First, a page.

Homer is an important character in the novel Tomorrow, When the War Began by John Marsden because he is one of Ellie's most trusted friends. Due to the challenges and trauma the war has put him through and a special connection with a girl named Fi, Homer has had the greatest character development. From being an immature, quick-witted boy to a man with strength and sensitivity. Even though readers cannot relate, we can still empathize and admire Homer's actions.
At the beginning of the novel, Ellie describes Homer as “wild” and “outrageous”. She says “He didn't care what anyone thought”, which was true. Homer spent all of his free time playing tricks on teachers and provoking girls, never bothering to do anything productive as proven when reading “'What goes down, must come up,' Homer said, making it clear how much attention he'd been paying in science over the years.” His actions were always reckless, yet daring, immature, yet humorous.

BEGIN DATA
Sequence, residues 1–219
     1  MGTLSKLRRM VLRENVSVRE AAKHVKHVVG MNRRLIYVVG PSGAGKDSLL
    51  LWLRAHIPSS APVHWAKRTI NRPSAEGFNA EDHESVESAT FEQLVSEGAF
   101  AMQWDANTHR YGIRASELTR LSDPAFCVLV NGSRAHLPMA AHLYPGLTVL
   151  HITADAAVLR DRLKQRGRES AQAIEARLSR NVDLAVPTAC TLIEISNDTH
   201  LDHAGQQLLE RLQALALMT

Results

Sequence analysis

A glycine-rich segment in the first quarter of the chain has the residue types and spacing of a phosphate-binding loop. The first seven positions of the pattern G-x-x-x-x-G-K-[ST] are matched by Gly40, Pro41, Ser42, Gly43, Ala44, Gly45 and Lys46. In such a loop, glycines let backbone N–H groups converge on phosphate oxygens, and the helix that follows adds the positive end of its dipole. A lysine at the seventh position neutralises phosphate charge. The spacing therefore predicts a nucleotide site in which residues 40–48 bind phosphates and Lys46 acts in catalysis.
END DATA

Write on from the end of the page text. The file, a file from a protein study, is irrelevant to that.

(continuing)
Once the war begins, readers can see a dramatic change in Homer. He tries to hold onto his childish ways, but that side of him starts to slip away. “'You're an idiot, Homer,' kevin grumbled. 'You never take anything seriously.' But I remembered Homer's hand on mine....And I remembered what he'd said to comfort me. I smiled and winked at him. I knew what he was trying to do.” Homer's change began once the group left their campsite to their houses. Throughout the visits came the realization as to how serious everything really was. Homer only spoke when necessary, when he had something useful to say, “'Everyone calm down,' Homer interrupted. 'Stay calm, or we'll get nowhere. Come on Fi...'” Or when it had to be said. “Then Homer made an unpopular suggestion.' I think we should split up.'” But this was just the beginning of his character development.
It was when things started to improve at their base camp in hell that Homer really started to, as well. With things steadier, relationships grew stronger, or just simply...
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